Things You Didn’t Know About Manco & Manco Pizza

Things You Didn’t Know About Manco & Manco Pizza

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Manco & Manco Pizza's 9th and Boardwalk location

By Tim Kelly

It’s all about the ‘Za.

And not just any pizza. We’re talking thin crust, a little bit crispy, and a sauce-to-cheese ratio that is just right, every time.

Of course all the ingredients are fresh and every pie is made out in the open in full view of the customers. The service is fast and friendly and the atmosphere is pure Ocean City.

It can only be Manco & Manco.

“You can’t get a bad pizza here,” said longtime customer Franny Quinn who was enjoying slices recently with wife Madelyn. The couple, from the Roxboro section of Philadelphia, have been married for 49 years and estimated they have been eating Manco and Manco for just as long.

Franny and Madelyn Quinn have been coming to Manco’s for more than 40 years.

“There’s only one reason to come in here,” Franny said. “For great pizza.”

That’s not quite true anymore, as Mancos has expanded its menu from its original offerings of plain pizza and soda to a variety of pies and toppings, and also chicken wings and tenders and french fries. But Quinn’s point still has validity.  Pizza remains Manco and Manco’s primary stock in trade and the reason the business, now in its 62nd year, has achieved iconic status on the Ocean City Boardwalk.

There are many other places to buy pizza — and excellent pizza at that — on the boards. However if there is a line stretching far outside the store, it’s a pretty safe bet that it’s Manco & Manco’s.

“We have a very loyal customer base,” said C.J. Warlow, the manager on duty when an OCNJDaily reporter visited the flagship location at 9th Street.  “They know what they want and they know we are going to deliver it consistently.”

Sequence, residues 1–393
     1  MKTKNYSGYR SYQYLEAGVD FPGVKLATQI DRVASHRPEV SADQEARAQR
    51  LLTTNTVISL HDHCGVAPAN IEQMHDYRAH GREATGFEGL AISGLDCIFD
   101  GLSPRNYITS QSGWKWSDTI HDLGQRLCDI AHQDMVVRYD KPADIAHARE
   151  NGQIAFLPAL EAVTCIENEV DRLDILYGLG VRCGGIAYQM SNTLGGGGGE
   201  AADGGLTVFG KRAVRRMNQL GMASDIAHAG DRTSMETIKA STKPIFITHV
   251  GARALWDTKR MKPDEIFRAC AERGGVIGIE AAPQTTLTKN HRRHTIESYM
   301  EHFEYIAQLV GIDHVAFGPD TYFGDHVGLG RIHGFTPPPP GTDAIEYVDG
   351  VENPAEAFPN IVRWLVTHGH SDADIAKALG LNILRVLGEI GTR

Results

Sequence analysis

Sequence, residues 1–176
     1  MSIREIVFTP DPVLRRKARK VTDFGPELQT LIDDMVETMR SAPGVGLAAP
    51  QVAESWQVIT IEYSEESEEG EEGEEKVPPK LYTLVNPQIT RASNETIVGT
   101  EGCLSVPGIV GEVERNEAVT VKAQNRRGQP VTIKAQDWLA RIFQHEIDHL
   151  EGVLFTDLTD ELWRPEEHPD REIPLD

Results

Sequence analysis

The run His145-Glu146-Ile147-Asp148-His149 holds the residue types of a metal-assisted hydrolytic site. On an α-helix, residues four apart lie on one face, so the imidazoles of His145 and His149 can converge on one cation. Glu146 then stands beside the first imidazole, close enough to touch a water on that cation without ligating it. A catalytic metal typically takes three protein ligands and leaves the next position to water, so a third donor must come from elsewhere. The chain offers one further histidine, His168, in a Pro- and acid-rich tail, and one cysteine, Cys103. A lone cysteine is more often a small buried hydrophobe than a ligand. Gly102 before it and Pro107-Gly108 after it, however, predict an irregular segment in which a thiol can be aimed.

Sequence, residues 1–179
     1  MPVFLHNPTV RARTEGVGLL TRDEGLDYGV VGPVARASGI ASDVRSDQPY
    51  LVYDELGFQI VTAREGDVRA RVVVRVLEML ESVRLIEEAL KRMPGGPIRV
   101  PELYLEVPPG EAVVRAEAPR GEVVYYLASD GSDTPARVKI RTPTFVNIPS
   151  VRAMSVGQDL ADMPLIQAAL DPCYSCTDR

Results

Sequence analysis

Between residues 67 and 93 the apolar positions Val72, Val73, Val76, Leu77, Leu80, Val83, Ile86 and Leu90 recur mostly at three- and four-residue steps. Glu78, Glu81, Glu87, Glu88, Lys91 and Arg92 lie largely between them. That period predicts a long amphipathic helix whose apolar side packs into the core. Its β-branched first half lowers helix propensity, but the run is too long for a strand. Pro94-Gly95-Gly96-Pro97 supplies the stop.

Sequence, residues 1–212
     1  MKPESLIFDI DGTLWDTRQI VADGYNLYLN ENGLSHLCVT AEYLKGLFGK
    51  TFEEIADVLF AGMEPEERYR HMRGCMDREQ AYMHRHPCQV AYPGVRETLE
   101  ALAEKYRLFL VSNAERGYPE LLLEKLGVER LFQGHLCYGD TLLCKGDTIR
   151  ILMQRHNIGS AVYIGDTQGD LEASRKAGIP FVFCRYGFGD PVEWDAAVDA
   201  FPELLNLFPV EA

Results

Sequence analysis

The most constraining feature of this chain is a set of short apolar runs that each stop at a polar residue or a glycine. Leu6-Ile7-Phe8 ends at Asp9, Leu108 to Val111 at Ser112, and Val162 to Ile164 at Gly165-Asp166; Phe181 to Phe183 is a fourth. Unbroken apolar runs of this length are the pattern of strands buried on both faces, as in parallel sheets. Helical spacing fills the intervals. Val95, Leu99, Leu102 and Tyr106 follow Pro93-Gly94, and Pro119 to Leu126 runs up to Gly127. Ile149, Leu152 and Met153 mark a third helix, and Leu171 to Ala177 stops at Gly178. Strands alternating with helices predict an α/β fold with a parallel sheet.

Warlow, who has worked at Manco & Manco for 13 years, knows the term “good pizza” is subjective. “Some people like a thicker crust and a lot of cheese,” he said.  “That’s fine, but that’s not us. We welcome the competition.  We all use the same ingredients and mostly the same vendors.  It’s what you do to make your sauce; it’s the cheese blend you come up with.  We feel we have perfected making pizza.  Hey we’ve been at it for (more than) 60 years and we got it right.”

Smiles come free of charge with an order of Manco & Manco Pizza.

For many customers, going to Manco & Manco is a traditional part of the OC experience, right there with slathering on the sunscreen and shooting for the free game at the end of a round of mini golf. And even though they know what to expect and Manco’s famed consistency lives up to the expectation, there are still some things even the most avid fan might not know about. For example:

  • Staff is held to the same strict standards as the pizza. Male workers must have short hair and their white shorts must have a belt and must be clean.